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January/February 2012 Citizen's Watch Newsletter

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SANE Act to Cut Nuke Spending

by Scott Yundt from Tri-Valley CAREs' January/February 2012 newsletter, Citizen's Watch

As we go to press, Rep. Edward Markey (D-MA) is introducing an important new bill, called the SANE (Smarter Approach to Nuclear Expenditures) Act.

The bill, co-sponsored by Markey and 34 other Members of Congress (including 7 from California), calls for canceling, freezing, or reducing more than a dozen costly nuclear programs for a savings of about $100 billion over 10 years.

The SANE Act, if passed, would eliminate several Dept. of Energy projects that Tri-Valley CAREs has worked hard to cut. The bill would zero out all funding for the CMRR-nuclear facility, the Uranium Processing Facility, and the MOX (mixed oxide plutonium fuel) plant. It would further eliminate the DOE's B61 and W78 Life Extension Programs.

At the Dept. of Defense, the SANE Act calls for a reduction in ballistic missile submarines, land-based missiles, and aircraft bombers - the three legs of the nuclear triad.

The SANE Act is a step in the right direction for nuclear policy, and Tri-Valley CAREs is honored that Rep. Markey listed our group as a participating NGO in the efforts to cut the nuclear weapons budget.

Meanwhile, Rep. Michael Turner (R-OH) announced he will soon introduce a 2012 version of a bill he first introduced last year to mandate increased spending to "modernize" U.S. nuclear weapons and delivery systems.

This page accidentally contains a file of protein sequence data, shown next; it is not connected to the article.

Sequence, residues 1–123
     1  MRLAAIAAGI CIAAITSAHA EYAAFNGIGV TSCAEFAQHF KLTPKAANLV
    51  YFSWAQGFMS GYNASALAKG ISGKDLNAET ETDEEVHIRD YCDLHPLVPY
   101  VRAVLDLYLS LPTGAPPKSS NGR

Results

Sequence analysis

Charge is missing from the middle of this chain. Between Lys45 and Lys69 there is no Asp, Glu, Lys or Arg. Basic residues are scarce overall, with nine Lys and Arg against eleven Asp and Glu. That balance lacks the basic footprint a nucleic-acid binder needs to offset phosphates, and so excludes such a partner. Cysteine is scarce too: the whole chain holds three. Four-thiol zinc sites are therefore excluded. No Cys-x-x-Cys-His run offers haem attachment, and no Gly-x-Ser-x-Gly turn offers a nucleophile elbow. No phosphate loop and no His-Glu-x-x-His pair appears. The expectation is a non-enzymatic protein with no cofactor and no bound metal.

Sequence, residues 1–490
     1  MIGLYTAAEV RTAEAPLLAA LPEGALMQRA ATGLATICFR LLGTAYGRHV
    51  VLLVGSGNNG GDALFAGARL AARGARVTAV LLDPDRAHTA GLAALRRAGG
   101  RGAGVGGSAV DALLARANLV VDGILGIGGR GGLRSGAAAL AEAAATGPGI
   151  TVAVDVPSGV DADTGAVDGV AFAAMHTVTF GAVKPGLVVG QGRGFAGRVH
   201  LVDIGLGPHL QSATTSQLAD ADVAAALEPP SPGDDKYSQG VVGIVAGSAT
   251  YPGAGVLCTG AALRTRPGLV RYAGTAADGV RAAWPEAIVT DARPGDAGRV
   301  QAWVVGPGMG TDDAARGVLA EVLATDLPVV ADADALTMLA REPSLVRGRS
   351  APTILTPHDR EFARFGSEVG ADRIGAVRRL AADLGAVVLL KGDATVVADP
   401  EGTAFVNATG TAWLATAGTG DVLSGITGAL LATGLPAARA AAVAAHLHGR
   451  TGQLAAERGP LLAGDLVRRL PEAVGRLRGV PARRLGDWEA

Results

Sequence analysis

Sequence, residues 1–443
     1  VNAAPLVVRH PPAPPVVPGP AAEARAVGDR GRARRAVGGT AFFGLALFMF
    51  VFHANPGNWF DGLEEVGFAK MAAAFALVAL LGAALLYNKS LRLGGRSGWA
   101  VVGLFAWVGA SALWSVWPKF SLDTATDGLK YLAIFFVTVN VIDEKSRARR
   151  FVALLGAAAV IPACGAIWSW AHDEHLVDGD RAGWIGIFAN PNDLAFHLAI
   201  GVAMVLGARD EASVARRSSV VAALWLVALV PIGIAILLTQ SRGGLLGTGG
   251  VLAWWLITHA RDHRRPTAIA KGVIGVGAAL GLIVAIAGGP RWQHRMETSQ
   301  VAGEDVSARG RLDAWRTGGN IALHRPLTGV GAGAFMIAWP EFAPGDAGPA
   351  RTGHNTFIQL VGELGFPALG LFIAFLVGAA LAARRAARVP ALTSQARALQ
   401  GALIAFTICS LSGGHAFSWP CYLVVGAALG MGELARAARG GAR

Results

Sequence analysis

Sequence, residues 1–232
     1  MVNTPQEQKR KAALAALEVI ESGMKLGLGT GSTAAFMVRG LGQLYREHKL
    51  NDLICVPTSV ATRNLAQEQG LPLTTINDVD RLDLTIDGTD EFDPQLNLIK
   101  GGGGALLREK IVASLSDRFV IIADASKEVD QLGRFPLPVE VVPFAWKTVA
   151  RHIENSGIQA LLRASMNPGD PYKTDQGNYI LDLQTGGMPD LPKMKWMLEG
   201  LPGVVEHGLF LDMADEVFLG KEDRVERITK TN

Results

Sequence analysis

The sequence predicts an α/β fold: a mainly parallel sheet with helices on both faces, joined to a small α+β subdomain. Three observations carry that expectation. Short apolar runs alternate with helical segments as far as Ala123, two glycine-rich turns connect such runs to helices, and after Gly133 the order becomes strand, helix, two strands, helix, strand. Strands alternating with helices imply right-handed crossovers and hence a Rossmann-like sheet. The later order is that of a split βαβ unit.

And, in previewing the Defense Dept.'s 2013 budget request, Secretary Leon Panetta recently said the U.S. will delay production of its next generation nuclear submarine, although he stopped short of announcing any truly deep funding cuts that would go beyond stemming planned increases to the Pentagon budget.

2012 is shaping up as a pivotal year for nuclear issues!

What to Look for in the Fiscal Year 2013 Budget Request for Nuclear Weapons

By Marylia Kelley from Tri-Valley CAREs' January/February 2012 newsletter, Citizen's Watch

The fiscal year (FY) 2013 budget request for nuclear weapons will be released on February 13, one week late and several days beyond our print deadline. Fortunately, your team of "watchdogs" at Tri-Valley CAREs has been ever-vigilant, conducting dozens of meetings and interviews with the Dept. of Energy (DOE) and others regarding the costs associated with U.S. nuclear weapons programs.

Based on our research, here are some key items to look for in the DOE FY13 budget request to Congress for nuclear weapons. And, while prediction is an inexact science, we think there will be some good news for those of us who advocate for reduced spending on nuclear weapons programs.

Tri-Valley CAREs and scores of like-minded groups across the country have spent years opposing the DOE's plan to construct and operate a new plutonium bomb factory, called the CMRR-nuclear facility, at the Los Alamos Lab in NM. Many of you have written letters, made phone calls and met with Members of Congress to stop this project. Look for the FY13 budget request for the CMRR-nuclear facility to be severely cut, if not eliminated.

If our prediction is correct, this will be a major victory. Moreover, the latest word is that DOE will not try to move forward with the CMRR-nuclear facility project until around 2022.